I’ve been working on a major update to my Time Shifter Clock for quite a long time, and it’s finally released and is now available at timeshifterclock.com. I even bought it its own domain name!
If you’re not familiar with my web app, let me tell you the problem it solves.
Let’s say you need to meet with several people across different geographic regions, and you need to convey to them the time that you’ve chosen for the meeting. While it’s trivially easy to find out what time it is currently in multiple cities, it’s much more difficult to figure out what time it will be in multiple cities at a time in the future.
That’s where Time Shifter Clock comes in. With this web app, you can search for multiple cities, and then shift a slider forward in time as far as a week in half-hour increments. The time will update in each city to reflect the shifted time. When you see the time you like in your own region, you click a copy button to capture the times in each city that you’ve chosen.
Now you can paste that URL into a message to the people with whom you hope to meet. When they open the URL, they will see exactly the times in the different cities you chose. Now let’s say they want to propose a different time. They can simply shift the slider to their preferred time, copy the URL and send it back to you as a counter-proposal.
If you’re not a developer, that’s all you need to know. It’s free and easy to use and I think it solves a real problem. If you find it useful, on iOS you can even add it to your Home Screen so it acts like a native app.
What’s New in V2
The main advancement in version 2.0 of Time Shifter Clock is you can add as many cities as you want. I have literally not set a limit. The second enhancement is that the URL you’ll be copying is far less messy-looking. It was pretty long with just two cities in version 1.0, and it would have gotten pretty crazy with any more. You’ll still see the names in the URL of each city, but the time conversions all happen through UTC, which simplifies the URL quite a bit.
I had a lot of people poke at this version to test it before release, and Helma from the Netherlands figured out that the original version didn’t account for time zones that were off by a half or quarter-hour. That has been corrected in version 2.0.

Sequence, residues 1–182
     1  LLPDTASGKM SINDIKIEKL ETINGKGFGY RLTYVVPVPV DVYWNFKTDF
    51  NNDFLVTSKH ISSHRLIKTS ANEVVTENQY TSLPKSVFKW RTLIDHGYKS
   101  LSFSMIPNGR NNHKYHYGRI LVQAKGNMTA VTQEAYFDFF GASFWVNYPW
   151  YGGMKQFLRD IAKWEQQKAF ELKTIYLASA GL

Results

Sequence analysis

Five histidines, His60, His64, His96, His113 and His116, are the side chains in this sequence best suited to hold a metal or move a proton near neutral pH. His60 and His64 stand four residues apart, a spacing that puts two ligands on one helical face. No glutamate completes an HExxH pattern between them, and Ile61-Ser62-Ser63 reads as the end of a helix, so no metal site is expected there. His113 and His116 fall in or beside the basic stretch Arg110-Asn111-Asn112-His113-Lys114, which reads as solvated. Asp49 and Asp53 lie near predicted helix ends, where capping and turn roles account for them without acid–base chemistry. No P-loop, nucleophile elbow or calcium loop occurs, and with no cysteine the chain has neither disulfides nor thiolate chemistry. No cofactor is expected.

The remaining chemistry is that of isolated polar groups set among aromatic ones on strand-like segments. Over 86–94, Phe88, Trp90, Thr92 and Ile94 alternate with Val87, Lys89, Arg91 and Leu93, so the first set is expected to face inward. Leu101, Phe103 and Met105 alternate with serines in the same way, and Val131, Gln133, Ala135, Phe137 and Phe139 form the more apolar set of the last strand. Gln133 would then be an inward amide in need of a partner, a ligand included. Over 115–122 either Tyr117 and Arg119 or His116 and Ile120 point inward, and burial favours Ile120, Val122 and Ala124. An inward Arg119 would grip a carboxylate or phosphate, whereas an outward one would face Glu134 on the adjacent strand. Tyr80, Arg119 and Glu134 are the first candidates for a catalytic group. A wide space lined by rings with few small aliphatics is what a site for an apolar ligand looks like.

There is one constraint of the design that is important to note. This tool uses the standard Moment database for time zones and time zone names. If you don’t find the city you want to use, that means it’s simply not in that standard database and I can’t fix that. I know it’s a bit frustrating to have to figure out the closest city or time zone name, but there’s nothing to be done. The worst example I’ve found is that since all of India is in one time zone (and on the half-hour), the only city in the database for India is Kolkata. Not the capital New Delhi, or even the huge city of Mumbai, only Kolkata. If you can’t find the city you want, the easiest thing to do is search for the time zone name.
Call for Help
There is one opportunity for significant enhancement that I’ve not been able to accomplish, and for that, I’m putting out a call for help. I spent more than a month trying to figure out how to do error checking for the entry of the city names. If you’re a developer, perhaps you can help me fix this.
As of right now, if you type in jibberish for the city name, the web app just sits there and doesn’t do anything at all. Likewise, you can type in a perfectly valid city name that’s in the database, such as “America/Detroit” but if you don’t select the identical name from the dropdown, you won’t actually be looking at the time in Detroit, it will still be the time in the default city. I think it should throw some sort of alert telling the user they have to select from the pull-down (or somehow automatically select it if it’s correct).
Time Shifter Clock is released as open source project on GitHub at github.com/NosillaCast/time-shifter-clock so I really hope the super nerds will jump in and create the error checking that should be in the tool. It’s not for lack of trying on my part, but I just can’t figure out how to do it. The dropdown menu library is where things get tricky.
I built version 1.0 as part of a challenge in Bart Busschots and my Programming By Stealth podcast, and I chose the first two default cities to be Los Angeles and Dublin because I live in LA and Bart lives in Dublin. It’s my app so I scratched my own itch! Version 2.0 is the result of a feature request of Dr. Maryanne Garry who is constantly meeting with people all over the globe at the same time. She lives in New Zealand, so as an homage to her, all additional cities added will have their default city set to Auckland, New Zealand.
I’m very proud of my third web app and I hope you find it as useful as Maryanne and I do.